Lutalo Muhammad is keen to make his own impression in the taekwondo tomorrow. To many, he is known only as the anti-Aaron Cook, the man who took the place that ought to have belonged to the world No 1. But despite the fierce disagreement between Cook and GB Taekwondo, Muhammad wants to show that he is an Olympian in his own right, and not just by default.
“A lot of people didn't appreciate that, like Aaron, I'm a European champion too and all I've ever tried to do is perform to the best of my ability,” Muhammad pointed out. In May, in Manchester, in the European Taekwondo Championships, while Cook won welterweight gold at 80kg, Muhammad won middleweight gold at 87kg. It is well known that Cook was world No 1 while Muhammad was back at 57, but Muhammad clearly has an impressive body of work of his own. He will be competing here at the lower 80kg limit.
Muhammad is not just the beneficiary of a fall-out. There was a sporting case for Muhammad’s inclusion. New rule changes increase the chances of taller, more agile fights such as Muhammad who attack the opponent’s head. He starts at 10.45am against Farkhod Negmatov of Tajikistan in the preliminary round, and if he wins that and then two more bouts he will compete in the final at 10.15pm.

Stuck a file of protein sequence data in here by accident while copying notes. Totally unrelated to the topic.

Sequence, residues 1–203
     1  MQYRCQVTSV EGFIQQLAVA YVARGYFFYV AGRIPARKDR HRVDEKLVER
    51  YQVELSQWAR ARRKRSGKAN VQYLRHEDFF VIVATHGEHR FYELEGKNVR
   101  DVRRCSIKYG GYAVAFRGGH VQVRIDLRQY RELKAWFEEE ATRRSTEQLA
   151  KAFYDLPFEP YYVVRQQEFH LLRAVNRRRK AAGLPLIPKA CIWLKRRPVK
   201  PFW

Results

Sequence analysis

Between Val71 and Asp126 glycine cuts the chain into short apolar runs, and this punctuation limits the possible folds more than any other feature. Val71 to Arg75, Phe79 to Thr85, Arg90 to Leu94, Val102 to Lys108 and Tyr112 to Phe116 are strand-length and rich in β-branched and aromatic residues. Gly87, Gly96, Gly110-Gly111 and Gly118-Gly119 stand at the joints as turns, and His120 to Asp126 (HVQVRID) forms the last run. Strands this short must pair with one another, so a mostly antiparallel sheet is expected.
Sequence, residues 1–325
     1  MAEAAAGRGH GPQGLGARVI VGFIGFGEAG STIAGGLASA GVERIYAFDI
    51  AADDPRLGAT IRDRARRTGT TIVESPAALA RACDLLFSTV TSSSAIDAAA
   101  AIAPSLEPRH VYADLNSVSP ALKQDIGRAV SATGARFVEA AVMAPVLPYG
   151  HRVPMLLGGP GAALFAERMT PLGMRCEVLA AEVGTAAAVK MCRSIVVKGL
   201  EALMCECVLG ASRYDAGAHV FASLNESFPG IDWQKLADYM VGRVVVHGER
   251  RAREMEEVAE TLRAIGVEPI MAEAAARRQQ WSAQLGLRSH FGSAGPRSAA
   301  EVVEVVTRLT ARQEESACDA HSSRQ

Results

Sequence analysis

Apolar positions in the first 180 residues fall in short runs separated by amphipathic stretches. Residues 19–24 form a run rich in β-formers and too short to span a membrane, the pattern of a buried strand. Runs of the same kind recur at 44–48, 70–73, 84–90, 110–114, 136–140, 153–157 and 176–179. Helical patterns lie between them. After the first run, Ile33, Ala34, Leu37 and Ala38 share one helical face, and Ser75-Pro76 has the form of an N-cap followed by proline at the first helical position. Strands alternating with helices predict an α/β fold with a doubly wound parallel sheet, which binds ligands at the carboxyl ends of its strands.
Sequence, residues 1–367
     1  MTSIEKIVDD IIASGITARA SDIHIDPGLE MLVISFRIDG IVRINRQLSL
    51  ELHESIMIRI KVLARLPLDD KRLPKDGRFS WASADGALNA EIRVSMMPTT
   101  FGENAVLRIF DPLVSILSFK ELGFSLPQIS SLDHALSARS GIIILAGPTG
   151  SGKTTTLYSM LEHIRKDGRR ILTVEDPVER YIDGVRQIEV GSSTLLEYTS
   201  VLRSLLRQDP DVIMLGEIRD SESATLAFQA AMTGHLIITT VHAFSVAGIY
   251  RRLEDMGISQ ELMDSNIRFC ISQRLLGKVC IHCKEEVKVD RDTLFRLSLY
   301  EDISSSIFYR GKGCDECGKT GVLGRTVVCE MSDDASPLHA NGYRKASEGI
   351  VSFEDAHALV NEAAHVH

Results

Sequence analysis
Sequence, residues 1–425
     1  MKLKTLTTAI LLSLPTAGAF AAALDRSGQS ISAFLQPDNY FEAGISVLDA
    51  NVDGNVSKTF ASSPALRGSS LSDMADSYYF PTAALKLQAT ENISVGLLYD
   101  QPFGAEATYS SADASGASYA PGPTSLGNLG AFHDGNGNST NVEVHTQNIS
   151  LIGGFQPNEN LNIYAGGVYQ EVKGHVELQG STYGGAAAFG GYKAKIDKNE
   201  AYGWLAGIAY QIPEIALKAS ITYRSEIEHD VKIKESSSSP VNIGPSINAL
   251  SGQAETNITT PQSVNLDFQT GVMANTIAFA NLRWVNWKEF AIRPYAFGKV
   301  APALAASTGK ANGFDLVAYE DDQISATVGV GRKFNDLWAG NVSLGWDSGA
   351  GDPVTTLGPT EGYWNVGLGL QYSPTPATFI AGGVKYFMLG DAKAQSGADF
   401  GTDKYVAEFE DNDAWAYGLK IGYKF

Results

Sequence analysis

Clearly relaxed about his ability and his right to be here, there is no weight beyond what is necessary on Muhammad. “The only extra pressures that would be put on me are what I would put on myself,” he said. “I’m going into this as the European Champion, so I take a great deal of confidence from that.”
It would be natural to be distracted by the controversy, but Muhammad insists that he will not be. “The training has been so intense, I never really had time to think about the media frenzy, it's history now. I don't think the controversy put any extra pressure on me.”
If the controversy does not, the location might. Muhammad is from Walthamstow, not far north of the Olympic Park, and his father Wayne, who coaches him, run a martial arts academy even closer, in Hackney. “It's no secret that the area in London I'm from, some parts are a bit rough,” Muhammad said. “I think I have a responsibility to carry myself in a certain way and be a role model. You'll see me at my best in these Games, I'm confident I'll do Britain proud. I love the fact that a lot of the children can be inspired by some of my achievements and then aspire to do things in the sport themselves one day. I embrace that.”Reuse content